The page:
# Solve trigonometric system of equations

I have a seemingly simple system of equations, but I don’t know how to solve this.

$$\left\{ \begin{array}{ll} \cos(x) \cos(y) &=0 \\ - \sin(x) \sin(y) &=0 \\ \end{array} \right.$$

Is there any trick?

• Hint : $\cos(x)$ and $\sin(x)$ cannot be both $0$, same for $\cos(y)$ and $\sin(y)$. So which combinations remain to get both expressions $0$ ? – Peter Aug 3 '17 at 16:15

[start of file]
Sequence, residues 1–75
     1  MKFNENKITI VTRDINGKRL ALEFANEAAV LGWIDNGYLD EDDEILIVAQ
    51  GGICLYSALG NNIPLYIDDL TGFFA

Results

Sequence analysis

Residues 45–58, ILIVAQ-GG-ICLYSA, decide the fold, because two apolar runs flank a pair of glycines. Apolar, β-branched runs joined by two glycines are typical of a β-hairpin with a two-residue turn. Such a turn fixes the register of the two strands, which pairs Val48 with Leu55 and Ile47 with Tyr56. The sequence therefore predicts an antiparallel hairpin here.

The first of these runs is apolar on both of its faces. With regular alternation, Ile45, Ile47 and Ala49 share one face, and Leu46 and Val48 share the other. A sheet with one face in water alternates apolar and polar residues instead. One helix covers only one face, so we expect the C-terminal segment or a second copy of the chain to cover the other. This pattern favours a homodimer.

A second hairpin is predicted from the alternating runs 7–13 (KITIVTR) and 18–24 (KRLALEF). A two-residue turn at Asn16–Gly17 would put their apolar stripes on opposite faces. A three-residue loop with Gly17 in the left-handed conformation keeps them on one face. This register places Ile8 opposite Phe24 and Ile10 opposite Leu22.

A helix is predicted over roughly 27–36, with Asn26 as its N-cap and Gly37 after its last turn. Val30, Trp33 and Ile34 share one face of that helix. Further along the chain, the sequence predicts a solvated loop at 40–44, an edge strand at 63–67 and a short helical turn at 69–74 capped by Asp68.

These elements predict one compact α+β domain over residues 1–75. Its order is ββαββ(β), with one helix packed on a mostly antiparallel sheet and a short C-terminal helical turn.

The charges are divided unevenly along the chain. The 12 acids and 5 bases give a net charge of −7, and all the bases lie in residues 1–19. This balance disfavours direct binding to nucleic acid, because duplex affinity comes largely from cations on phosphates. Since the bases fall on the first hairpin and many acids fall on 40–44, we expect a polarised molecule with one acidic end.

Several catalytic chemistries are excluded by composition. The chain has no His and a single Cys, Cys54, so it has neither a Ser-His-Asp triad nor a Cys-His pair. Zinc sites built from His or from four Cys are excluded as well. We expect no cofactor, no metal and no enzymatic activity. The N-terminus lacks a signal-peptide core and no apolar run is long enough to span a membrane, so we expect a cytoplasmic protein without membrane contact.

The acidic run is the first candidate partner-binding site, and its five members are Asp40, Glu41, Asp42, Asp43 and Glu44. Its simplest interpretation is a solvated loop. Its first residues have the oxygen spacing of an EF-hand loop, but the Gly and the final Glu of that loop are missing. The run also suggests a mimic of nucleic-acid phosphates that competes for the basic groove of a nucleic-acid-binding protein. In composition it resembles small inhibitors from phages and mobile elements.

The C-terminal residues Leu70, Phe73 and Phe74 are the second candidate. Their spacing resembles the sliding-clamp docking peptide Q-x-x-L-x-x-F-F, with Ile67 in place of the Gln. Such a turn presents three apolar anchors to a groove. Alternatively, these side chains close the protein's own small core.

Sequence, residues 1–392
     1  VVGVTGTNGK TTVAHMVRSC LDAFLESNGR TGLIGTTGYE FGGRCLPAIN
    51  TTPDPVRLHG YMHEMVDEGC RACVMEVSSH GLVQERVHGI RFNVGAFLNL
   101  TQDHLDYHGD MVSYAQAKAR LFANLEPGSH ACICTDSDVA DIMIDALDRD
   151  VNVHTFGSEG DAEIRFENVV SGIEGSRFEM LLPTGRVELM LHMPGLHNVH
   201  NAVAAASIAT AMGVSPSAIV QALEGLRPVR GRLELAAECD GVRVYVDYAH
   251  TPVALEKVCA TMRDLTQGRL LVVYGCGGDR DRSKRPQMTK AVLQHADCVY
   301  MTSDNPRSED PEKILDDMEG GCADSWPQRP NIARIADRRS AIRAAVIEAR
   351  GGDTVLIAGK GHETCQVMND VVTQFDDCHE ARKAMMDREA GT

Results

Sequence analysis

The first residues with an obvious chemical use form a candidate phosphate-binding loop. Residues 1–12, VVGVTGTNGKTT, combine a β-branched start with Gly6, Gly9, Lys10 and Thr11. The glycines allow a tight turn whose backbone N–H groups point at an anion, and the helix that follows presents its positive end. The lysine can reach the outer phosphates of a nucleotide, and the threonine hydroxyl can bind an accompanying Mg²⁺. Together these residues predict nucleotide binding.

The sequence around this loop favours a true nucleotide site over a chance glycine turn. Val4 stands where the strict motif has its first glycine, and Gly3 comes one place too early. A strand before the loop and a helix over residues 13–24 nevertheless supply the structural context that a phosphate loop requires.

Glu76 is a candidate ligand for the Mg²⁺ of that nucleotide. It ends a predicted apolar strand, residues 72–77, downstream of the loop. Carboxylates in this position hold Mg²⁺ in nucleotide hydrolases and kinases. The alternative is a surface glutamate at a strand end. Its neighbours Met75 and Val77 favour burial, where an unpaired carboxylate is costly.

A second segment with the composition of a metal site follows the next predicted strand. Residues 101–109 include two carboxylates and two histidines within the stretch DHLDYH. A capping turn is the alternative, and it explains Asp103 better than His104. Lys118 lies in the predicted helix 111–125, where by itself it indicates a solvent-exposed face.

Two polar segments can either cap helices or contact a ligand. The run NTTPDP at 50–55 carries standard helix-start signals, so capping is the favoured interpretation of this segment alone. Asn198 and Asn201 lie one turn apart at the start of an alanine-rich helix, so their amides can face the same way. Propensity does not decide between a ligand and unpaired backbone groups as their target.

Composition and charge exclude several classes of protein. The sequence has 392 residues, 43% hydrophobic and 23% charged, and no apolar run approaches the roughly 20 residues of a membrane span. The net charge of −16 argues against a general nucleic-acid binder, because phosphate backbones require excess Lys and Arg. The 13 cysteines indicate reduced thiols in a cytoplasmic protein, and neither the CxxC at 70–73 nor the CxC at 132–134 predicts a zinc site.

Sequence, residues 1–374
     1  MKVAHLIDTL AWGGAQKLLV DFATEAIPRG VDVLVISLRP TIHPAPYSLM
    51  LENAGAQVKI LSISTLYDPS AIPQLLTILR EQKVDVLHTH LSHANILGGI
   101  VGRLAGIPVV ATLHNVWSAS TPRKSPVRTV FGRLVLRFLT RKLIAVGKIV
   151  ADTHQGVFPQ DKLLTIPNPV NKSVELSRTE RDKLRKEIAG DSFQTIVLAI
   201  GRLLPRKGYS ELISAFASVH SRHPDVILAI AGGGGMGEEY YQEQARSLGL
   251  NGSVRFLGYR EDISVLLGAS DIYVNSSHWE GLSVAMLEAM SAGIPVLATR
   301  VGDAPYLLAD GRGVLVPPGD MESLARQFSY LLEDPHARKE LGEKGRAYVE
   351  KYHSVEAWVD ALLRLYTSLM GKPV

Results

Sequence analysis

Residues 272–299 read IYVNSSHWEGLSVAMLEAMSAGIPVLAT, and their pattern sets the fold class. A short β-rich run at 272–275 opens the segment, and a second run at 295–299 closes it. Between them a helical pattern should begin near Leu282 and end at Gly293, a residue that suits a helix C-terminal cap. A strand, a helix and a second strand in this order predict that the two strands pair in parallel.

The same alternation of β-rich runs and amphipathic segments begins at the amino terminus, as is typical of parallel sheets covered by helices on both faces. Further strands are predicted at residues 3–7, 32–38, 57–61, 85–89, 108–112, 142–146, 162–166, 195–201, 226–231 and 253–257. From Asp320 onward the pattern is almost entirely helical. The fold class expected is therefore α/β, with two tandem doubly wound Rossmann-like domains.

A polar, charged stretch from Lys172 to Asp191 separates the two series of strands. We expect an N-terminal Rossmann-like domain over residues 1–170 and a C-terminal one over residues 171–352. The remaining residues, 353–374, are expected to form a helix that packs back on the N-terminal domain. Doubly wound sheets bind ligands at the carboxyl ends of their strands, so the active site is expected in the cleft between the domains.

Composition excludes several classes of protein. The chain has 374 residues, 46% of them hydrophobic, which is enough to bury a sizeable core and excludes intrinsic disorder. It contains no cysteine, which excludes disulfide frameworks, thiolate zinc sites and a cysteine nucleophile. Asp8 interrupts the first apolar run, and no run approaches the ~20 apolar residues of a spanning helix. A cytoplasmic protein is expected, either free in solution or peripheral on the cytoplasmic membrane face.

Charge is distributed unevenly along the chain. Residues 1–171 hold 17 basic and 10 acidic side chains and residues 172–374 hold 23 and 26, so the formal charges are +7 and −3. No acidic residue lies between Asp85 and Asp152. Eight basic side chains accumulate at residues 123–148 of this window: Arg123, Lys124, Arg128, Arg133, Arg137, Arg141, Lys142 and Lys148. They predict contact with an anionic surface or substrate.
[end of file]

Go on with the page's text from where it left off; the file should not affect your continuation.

If $\cos{x}=0$ then since, $\sin{x}\neq0$, we get $\sin{y}=0$ and $$\left\{\left(\frac{\pi}{2}+\pi k,\pi m\right)|\{k,m\}\subset\mathbb Z\right\}.$$

The case $\cos{y}=0$ for you.

Notice that we could set the equations equal $$\cos(x)\cos(y) + \sin(x)\sin(y) = 0,$$ and using a trig identity, we get $$\cos(x-y) = 0.$$ Then we know where the zeros of the cosine function are, namely when $$x-y = \frac{(2n+1)\pi}{2}, \; n \in \mathbb{Z}.$$

• And from there how do I get separate solutions for x and y? – philmcole Aug 24 '17 at 15:05